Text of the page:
Foreclosure is the legal process by which the lender in a mortgage arrangement takes possession of the property (typically a house) that secured the loan. This is done when the Bloomingdale, Illinois debtor has repeatedly failed to make their payments. When a house is foreclosed, it is typically sold at auction shortly thereafter. This is because banks typically want to get rid of the property as soon as possible, even if it means losing some money, and an auction is an easy way to do this.

In all states in the U.S., including Illinois, foreclosure by judicial sale is allowed. Under this system, the sale is overseen by a court of law, to ensure that the bank makes a reasonable effort to get a decent price at the auction, and that any proceeds above the balance of the mortgage go back to the borrower. In some states, original mortgages are treated as "non-recourse" loans, meaning that, at most, the lender can take ownership of the house in the event of foreclosure, even if it is worth less than the amount due. The bank cannot go after the debtor for the remaining balance once it sells the house. You should consult a lawyer in Bloomingdale, Illinois to find out if this is the case here. This typically does not apply if the mortgage has been refinanced.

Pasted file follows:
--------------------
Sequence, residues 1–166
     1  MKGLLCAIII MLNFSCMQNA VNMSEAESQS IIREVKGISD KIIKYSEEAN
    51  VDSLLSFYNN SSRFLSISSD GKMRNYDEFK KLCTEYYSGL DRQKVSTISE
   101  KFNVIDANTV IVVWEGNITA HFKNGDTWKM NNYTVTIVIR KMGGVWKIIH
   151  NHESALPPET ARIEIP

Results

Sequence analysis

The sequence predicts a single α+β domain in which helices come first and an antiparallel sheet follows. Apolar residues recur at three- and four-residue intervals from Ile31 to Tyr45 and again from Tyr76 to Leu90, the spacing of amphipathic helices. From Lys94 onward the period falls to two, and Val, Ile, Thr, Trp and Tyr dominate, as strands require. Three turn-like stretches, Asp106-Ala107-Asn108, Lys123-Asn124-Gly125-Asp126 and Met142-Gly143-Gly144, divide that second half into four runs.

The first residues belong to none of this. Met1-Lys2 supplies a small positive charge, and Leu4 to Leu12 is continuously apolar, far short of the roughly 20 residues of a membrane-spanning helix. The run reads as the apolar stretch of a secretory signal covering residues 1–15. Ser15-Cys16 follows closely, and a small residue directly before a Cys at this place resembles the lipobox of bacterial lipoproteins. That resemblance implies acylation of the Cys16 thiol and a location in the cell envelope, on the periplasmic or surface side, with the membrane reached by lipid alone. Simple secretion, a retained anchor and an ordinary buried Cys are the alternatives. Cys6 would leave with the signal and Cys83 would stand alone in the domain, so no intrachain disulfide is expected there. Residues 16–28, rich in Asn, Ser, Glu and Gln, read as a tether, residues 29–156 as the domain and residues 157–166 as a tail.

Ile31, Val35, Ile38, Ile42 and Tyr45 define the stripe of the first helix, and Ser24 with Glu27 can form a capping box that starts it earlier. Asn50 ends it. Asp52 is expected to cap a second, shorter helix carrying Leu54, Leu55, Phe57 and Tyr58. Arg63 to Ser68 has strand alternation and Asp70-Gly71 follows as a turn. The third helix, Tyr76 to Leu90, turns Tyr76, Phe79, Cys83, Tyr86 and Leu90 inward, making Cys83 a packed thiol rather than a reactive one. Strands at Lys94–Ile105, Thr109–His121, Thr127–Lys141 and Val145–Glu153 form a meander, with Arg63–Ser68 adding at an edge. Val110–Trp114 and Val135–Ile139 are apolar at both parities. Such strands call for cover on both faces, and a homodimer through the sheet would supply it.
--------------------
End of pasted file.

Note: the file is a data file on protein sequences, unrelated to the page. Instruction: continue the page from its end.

How Can I Avoid Foreclosure in Illinois?

First, you should never ignore the matter. As unpleasant as it seems, it is essential to stay on top of the issue. Ignoring the problem will never make it go away. It is critical to remember that the bank does not really want your Bloomingdale house - they expected to make a profit through the interest on your loan, and that's what they'd prefer to do. Accordingly, they will probably make reasonable accommodations to your financial situation if it means that you will be able to make some form of payment to them.

If no deal can be worked out, or the mortgage payments have become prohibitive, you might consider a "short sale". While the lender has to consent to it, many will take a moderate loss if it means avoiding foreclosure (which lenders usually treat as a last resort). This allows you to sell the house for whatever price it can fetch on the current market, and hand the proceeds over to the bank. If the sale nets less than the balance, some or all of the deficiency might be forgiven. You might also consider a "short refinance" which allows a chunk of the debt to be forgiven, and lets you refinance the rest.

How Can A Bloomingdale, Illinois Attorney Help?

If you are facing the possibility of foreclosure, a good Bloomingdale, Illinois real estate attorney can help. At the very least, they will be able to inform you of your legal options.